This issue of Adolescent Psychiatry spans the spectrum between evidence-based practice and practice-based evidence. A special section on eating disorders in this issue summarizes current knowledge about these challenging, all-too-prevalent, disorders and their treatment. Included in this section is an article on eating disorders in males, which are often overlooked. In this article, Stewart points out that this is because of the popular assumption that eating disorders only affect females, and the feminization of current diagnostic criteria. Anorexia nervosa, while among the most serious illnesses affecting adolescents, with a high rate of fatality, is treatable. However, the treatment must aggressively challenge the adolescent ’ s extreme level of control over the family.
Two reviews deal with bipolar disorder and marijuana dependence. In the first review, Bernstein has provided an update on current knowledge and best practices for treatment of bipolar disorder. She emphasizes a rational treatment approach that may include alternative and complementary medications. Jaffe summarizes his long experience with treating adolescents who use marijuana, pointing out the many myths that such teenagers use to justify their use, and giving suggestions for how to counter these beliefs. He believes that marijuana use is particularly pernicious for adolescents as they do not recognize the impairment that their use is associated with. He underscores his points with neurobiological evidence, showing the significant and longlasting effects that marijuana has on the brain.
The perspectives section contains three thought-provoking articles. Aggarwal and Pumariega discuss the many issues related to minors who were held at the U. S. naval base in Guantanamo in the aftermath of the terrorist attacks on the U. S. on September 11, 2011. As has been pointed out many times, detainees at Guantanamo lacked many of the legal protections available to prisoners on U. S. soil and this was no less true for adolescents than adults. It is clear that the base was not well equipped to provide adequately for their needs, with adverse consequences. Also in this section is a paper by Michael Kalogerakis, which summarizes his thinking about what needs to be done to promote mental health in children and adolescents, focusing on the role of families. The World Health Organization defines mental health as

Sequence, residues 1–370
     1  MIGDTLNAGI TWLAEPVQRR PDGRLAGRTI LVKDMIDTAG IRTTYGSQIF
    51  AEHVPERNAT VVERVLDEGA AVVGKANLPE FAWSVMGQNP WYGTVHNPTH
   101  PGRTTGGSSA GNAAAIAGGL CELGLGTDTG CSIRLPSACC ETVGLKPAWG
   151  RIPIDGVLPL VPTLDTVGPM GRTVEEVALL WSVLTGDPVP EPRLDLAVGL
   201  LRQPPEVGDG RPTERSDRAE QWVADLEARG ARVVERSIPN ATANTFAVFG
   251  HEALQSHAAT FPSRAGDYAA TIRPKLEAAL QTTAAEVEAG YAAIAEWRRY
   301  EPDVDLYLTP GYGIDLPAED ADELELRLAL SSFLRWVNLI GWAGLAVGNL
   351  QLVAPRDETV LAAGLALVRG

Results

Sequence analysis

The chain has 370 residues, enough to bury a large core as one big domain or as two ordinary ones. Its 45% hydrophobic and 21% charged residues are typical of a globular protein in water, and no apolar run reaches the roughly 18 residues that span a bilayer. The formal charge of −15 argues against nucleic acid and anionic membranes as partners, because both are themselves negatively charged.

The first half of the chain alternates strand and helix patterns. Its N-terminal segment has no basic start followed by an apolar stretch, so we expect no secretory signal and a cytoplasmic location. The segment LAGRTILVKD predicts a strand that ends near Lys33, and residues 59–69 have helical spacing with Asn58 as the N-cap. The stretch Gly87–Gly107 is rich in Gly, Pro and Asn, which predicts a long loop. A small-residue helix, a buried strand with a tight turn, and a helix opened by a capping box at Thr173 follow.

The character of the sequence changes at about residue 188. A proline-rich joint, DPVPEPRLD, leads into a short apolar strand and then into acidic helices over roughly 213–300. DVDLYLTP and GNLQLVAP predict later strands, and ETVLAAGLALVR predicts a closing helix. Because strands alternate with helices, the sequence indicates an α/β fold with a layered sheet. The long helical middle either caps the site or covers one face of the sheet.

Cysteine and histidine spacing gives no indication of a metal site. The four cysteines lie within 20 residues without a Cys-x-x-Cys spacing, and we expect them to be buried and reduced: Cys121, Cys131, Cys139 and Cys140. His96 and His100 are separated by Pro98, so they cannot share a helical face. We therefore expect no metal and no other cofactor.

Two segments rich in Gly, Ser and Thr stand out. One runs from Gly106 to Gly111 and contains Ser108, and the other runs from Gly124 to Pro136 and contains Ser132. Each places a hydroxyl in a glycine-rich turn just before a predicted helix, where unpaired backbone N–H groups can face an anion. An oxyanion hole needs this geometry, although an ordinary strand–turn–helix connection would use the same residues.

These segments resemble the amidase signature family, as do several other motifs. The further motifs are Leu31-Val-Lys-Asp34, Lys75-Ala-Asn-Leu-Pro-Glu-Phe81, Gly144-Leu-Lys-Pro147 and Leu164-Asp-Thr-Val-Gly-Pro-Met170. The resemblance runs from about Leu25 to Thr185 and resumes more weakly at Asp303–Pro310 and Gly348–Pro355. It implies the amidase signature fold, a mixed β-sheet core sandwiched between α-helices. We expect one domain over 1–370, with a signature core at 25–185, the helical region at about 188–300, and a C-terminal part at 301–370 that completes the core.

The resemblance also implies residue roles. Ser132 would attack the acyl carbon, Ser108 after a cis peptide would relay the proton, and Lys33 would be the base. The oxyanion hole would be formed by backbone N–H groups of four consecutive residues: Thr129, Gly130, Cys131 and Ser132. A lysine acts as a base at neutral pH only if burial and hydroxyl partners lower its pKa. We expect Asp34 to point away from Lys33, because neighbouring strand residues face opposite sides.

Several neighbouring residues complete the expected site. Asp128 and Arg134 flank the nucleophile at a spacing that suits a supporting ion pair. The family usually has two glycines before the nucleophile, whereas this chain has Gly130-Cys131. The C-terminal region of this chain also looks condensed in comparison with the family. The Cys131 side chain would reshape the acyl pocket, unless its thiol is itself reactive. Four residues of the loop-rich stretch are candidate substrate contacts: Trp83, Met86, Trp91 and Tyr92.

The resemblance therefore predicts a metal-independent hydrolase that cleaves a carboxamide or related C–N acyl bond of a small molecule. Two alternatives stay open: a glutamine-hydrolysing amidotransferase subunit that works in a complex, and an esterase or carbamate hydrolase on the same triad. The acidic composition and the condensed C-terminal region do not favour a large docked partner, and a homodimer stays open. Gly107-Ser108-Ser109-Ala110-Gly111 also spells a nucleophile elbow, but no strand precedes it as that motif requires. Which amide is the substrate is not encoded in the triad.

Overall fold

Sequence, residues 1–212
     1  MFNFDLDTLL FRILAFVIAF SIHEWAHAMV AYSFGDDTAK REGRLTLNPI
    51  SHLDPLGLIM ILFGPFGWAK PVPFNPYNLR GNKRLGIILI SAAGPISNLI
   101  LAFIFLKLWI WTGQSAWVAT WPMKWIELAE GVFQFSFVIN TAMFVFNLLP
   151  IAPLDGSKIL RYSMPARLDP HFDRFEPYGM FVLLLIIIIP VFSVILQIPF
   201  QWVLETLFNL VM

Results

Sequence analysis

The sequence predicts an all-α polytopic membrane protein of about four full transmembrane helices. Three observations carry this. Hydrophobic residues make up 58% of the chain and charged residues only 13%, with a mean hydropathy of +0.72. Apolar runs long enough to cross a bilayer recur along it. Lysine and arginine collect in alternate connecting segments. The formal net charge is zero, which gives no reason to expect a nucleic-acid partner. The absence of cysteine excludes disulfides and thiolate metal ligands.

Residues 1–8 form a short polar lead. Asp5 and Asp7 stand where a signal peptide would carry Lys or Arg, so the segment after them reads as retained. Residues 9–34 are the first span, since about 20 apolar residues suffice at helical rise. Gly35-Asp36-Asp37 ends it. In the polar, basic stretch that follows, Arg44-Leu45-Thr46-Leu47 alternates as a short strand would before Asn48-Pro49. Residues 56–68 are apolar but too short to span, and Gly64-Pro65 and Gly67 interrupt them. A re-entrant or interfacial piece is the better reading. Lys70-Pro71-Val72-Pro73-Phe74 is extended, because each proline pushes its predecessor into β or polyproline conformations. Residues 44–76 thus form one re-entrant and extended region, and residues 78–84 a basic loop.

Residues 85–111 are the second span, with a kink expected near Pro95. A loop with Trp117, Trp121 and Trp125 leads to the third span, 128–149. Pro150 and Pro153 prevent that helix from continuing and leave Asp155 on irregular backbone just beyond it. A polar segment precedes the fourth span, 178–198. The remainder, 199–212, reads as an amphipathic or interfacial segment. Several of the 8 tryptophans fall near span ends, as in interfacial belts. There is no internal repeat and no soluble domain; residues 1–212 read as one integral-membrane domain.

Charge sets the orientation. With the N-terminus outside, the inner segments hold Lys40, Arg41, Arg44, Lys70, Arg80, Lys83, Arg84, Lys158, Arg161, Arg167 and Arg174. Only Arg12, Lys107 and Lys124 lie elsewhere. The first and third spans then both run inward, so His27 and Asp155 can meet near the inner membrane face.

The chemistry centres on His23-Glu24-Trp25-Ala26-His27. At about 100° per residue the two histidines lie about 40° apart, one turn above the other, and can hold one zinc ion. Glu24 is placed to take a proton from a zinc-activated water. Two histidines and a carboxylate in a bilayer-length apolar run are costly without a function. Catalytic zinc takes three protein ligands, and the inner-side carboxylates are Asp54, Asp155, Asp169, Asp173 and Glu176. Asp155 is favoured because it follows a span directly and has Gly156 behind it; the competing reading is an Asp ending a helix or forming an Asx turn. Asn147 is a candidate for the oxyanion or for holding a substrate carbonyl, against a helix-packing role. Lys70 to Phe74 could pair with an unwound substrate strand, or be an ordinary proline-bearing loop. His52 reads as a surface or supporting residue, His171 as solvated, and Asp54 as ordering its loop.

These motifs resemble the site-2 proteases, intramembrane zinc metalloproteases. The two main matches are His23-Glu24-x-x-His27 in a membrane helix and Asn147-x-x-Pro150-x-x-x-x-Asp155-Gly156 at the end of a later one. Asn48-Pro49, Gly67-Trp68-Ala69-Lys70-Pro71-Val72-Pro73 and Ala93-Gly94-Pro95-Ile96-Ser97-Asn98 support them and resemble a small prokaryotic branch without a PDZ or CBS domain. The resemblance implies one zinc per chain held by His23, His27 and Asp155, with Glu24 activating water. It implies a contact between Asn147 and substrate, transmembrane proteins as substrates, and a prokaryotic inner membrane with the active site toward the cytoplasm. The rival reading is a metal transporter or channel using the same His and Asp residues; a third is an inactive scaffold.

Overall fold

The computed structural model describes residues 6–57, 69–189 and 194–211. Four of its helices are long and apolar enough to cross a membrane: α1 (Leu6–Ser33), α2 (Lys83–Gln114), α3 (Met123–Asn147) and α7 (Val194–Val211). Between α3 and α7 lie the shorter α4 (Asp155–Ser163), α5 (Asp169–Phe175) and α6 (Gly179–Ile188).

… a state of well-being in which an individual realizes his or her own abilities, can cope with the normal stresses of life, can work productively and is able to make a contribution to his or her community. In this positive sense, mental health is the foundation for individual well-being and the effective functioning of a community. (http://www.who.int/mediacentre/factsheets/fs220/en/).
Two articles focus on the psychiatric inpatient treatment of adolescents. The authors-one group from Greece and another from the U. S.-describe how they have dealt with the challenges of limited resources in the face of unmet needs. Zilikis and colleagues describe the development of an adolescent inpatient program in which adolescents were hospitalized with adults and points out that there are some advantages to this arrangement. Shen, Dhillon, and McCarthy use the case of an adolescent with non-suicidal self-injury to discuss the role of the hospital as part of a continuum of care.
Duric and Elgen present findings from their research on Norwegian children and adolescents with ADHD who presented for treatment in a clinic after having been referred from community sources. Their findings confirm that these youngsters have high rates of comorbid psychiatric conditions and often suffer from cognitive impairment, mandating careful evaluation of all aspects of their functioning. They add to the world-wide perspective on this common disorder.
We are indebted to Glen Pearson who was able to obtain and edit “Embracing Spitfires,” a presentation given by James L. Cox at an ASAP meeting several years ago on his approach to adolescents who are difficult to engage in psychotherapy. Like others who have devoted their lives to psychotherapy with adolescents, Cox reminds us that this work is not for the faint of heart.
Finally, a new section, Letters to the Editor, appears in this issue, with two letters on Dwyer and Jarrel's article, the “Use of Mental Health Services By Youths Who Have Sexually Offended,” which appeared in the last issue (2011, pp. 240-250). I hope that this is the start of an ongoing dialogue between Adolescent Psychiatry and its readers.